Even if this man has TB - and how could you know? you or the kids would have to sleep with him breathing in your face all night or in an enclosed space to get it. TB is not easy to get. If you are truly concerned, be concerned for him, not about him. talk to him, buy him some food and water and cough drops. be kind, for every person you meet carries a heavy burden
If you are actually certain that he has TB and certain he is refusing treatment, he can be civilly detained and treated against his will. You would likely have to go through the police department. Steph
Please notify the Berkeley Public Health Dept. If this man has active tuberculosis, I believe they have the power to force him to have treatment. (Tuberculosis is too contagious and dangerous to be left untreated.) Here is their info: http://www.ci.berkeley.ca.us/publichealth/ Anon
Contact the Berkeley Mental Health Mobile Crisis Team. http://www.ci.berkeley.ca.us/Health_Human_Services/Mental_Health/Mobile_Crisis_Team_(MCT).aspx Mobile Crisis: Everyday 11:30 a.m. to 10:00 p.m. Phone (510) 981-5254 (Voice message) Phone (510) 981-5900 (Police Non-emergency 24 hr) Anonymous
First of all, TB CANNOT be transmitted outdoors. You must be in an enclosed space with little air exchange for an extended period of time. So your fears of children or others getting TB while passing by on the street are not realistic. That said, if in fact this man has TB, which I wonder how you would know, folks with TB are required by the Public Health Dept. to recieve treatment. If you are concerned for his wellbeing and the possiblity that if he moves indoors to a shelter for instance, that he may pose a health risk to others, you could call the Berkeley Health Dept and suggest a public health nurse or outreach worker visit this man so that he can get the treatment he needs and deserves. public health professional
There is an older homeless woman who hangs out in our neighborhood (I live in Gourmet Ghetto), who is quite aggressive and mean. She does not ask for money, but instead seems to thrive on creating drama and conflict by swearing and cursing at random people walking by. She has done this to me for quite some time now and it is especially bothersome as I oftentimes I have my 3 children with me (the youngest only 3 years old). She'll call me various nasty names. I called the police about her and while they promised to speak with her as they are familiar with who she is- they said that she is not breaking any laws- even though she is verbally assaulting me and my children.
I am angry and frustrated that I can't do a simple thing like go out for coffee in the morning with my family without the worry that she'll be out there. I try to change my route to the Cheeseboard, but she'll often times be hanging out on either of the streets I go on to get to Shattuck (Cedar or Vine). While I appreciate that the police will speak to her, given that she is mentally ill, I doubt that it will change things. Does anyone have any advice? Would contacting my councilperson help? Is it illegal for me to carry pepper spray? I just hate that this woman has the right to just stand on the street and yell profanities at me and my children.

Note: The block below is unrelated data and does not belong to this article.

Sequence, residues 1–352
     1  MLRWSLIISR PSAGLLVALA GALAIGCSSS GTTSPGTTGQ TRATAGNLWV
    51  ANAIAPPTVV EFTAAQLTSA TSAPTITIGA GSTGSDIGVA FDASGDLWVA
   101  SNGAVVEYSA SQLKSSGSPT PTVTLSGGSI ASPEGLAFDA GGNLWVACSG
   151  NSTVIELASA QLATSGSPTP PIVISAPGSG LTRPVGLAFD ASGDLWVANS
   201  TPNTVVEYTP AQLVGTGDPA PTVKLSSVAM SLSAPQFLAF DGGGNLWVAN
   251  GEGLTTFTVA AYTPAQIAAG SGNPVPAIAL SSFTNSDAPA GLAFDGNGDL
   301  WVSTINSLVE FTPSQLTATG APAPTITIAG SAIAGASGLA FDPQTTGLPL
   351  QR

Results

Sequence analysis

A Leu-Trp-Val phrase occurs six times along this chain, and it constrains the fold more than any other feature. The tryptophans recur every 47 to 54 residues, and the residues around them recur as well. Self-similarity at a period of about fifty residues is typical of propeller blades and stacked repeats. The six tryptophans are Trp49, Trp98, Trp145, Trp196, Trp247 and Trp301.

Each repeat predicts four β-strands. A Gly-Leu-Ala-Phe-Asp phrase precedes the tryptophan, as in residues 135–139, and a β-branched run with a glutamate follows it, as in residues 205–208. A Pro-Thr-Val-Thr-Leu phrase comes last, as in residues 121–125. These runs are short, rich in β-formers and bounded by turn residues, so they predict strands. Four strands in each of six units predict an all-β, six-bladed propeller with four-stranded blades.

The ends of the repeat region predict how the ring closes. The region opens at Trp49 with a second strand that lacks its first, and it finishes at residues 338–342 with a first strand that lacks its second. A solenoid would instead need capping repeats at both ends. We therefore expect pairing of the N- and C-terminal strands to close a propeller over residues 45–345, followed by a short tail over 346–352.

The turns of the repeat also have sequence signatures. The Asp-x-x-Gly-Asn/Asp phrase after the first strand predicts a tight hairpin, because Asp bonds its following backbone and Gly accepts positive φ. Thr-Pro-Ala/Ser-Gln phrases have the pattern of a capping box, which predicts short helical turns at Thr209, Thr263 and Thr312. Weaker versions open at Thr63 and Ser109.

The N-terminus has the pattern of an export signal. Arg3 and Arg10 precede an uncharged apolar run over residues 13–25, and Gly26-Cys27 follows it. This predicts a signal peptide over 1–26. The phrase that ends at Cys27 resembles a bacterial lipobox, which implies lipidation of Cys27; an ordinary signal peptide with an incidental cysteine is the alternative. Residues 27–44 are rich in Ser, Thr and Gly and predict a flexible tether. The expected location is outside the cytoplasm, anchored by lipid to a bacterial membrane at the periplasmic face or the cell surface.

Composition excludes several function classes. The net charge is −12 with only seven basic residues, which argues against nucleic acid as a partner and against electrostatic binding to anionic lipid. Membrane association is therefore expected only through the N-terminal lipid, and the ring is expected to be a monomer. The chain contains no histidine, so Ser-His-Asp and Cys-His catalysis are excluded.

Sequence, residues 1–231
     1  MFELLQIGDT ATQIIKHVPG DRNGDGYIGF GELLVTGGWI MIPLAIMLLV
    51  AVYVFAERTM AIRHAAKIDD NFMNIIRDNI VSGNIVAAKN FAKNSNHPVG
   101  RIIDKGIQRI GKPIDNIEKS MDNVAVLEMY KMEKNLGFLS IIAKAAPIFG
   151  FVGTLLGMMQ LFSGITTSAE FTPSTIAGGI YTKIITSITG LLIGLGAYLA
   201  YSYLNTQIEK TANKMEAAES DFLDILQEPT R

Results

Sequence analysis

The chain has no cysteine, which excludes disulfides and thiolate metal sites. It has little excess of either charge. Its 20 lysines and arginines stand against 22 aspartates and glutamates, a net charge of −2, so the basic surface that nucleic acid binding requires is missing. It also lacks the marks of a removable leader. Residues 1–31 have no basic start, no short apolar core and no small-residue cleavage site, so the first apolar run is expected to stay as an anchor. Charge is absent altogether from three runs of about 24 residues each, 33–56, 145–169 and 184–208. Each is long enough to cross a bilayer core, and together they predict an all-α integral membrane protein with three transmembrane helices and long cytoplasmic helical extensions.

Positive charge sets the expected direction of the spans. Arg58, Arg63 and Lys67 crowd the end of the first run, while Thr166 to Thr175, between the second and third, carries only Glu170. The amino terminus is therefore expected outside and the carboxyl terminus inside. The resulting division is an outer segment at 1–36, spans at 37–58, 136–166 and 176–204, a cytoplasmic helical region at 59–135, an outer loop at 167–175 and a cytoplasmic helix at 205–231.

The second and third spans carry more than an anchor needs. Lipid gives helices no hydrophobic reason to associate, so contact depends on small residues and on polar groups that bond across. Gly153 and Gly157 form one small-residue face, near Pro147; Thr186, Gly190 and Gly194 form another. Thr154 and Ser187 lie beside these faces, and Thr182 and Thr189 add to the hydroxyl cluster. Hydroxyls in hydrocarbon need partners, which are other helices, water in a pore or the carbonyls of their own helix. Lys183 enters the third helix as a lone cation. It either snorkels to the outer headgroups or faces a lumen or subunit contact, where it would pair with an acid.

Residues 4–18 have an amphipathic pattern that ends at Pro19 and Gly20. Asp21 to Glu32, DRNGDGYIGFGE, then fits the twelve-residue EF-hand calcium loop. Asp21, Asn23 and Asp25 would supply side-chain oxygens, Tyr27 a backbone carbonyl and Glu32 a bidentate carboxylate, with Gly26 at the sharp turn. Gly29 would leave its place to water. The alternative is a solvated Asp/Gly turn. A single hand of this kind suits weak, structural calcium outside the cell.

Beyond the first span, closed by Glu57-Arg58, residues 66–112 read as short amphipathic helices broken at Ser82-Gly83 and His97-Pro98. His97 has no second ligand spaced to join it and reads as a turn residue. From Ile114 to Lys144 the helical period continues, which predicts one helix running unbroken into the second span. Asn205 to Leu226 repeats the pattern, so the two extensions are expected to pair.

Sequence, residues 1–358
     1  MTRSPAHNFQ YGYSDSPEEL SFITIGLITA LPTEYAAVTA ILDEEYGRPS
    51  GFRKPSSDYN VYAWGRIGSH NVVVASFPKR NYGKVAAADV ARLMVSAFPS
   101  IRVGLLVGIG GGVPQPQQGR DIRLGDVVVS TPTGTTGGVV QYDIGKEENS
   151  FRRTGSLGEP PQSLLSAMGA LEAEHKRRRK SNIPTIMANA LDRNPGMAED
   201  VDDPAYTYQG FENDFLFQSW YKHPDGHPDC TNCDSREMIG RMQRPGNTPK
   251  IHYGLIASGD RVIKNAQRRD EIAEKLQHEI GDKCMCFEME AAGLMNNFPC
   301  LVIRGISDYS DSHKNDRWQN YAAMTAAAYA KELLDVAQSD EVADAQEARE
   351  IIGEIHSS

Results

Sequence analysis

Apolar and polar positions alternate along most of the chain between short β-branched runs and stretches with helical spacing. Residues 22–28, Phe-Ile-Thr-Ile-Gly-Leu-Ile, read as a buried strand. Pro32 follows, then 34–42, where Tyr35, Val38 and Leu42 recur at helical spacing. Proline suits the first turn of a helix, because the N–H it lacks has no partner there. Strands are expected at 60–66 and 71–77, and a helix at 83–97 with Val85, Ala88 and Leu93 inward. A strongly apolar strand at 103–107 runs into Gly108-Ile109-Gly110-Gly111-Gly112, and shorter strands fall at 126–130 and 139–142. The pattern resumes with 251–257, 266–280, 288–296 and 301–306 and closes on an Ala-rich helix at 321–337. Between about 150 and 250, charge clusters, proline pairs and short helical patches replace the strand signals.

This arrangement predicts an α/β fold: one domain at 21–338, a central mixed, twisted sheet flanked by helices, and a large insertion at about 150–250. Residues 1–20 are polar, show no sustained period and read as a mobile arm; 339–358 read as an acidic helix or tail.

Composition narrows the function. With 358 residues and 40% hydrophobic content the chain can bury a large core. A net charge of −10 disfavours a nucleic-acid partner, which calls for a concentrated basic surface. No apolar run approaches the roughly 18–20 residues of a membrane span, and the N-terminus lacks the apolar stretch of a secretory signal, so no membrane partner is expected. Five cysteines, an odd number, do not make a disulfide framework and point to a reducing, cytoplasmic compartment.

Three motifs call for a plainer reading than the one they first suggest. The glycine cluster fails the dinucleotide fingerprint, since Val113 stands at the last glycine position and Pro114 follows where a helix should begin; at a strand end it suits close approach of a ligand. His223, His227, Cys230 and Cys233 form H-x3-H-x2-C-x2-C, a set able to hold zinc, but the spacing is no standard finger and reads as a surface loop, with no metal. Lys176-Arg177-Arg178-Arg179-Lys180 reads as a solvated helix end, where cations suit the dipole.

A Scared and Frustrated Resident
Sad to hear your attitude toward someone you know is mentally ill. If she's mentally ill, she's not exactly picking you out of the crowd to swear at. Can't you just let her be? The sidewalk there is wide enough that you don't have to rub shoulders with her to get by. If it is crowded, be patient, let others by then go by when there's more room on the sidewalk. You are not showing your children how to be sympathetic toward those less fortunate. I'm not saying you need to go hug the woman, or not be alert and cautious as you go by her. But remember you live in Berkeley, there are plenty of them around and that's part of the character of Berkeley. Don't call the police or your council person on her.
Screaming mentally ill people can be scary, for sure. However, this woman is - as you say - mentally ill. She has a disease that she cannot control, she is not deliberately trying to scare you or your children. The police are right, there is nothing legally they can do unless she is an imminent danger to herself or others. It is sad and frustrating that this woman does not have help (at least not that you know of) but I think you have little to fear from her. You can even use this as an opportunity to teach your children compassion for the homeless and the mentally ill. In San Francisco there is a ''MAP'' (mobile assistance patrol) van that will come and assess people like this woman (in SF). You might want to do some digging around and see if there is an equivalent in Berkeley. In the meantime I suggest doing what you have been - avoid walking by her as it clearly upsets you. If she is somewhere unexpected, just cross the street - sounds like you can hear her before seeing her anyway, so you should have ample time to do so. Please remember, she is a suffering ill woman, she is not deliberately targeting you or your kids. Psych Nurse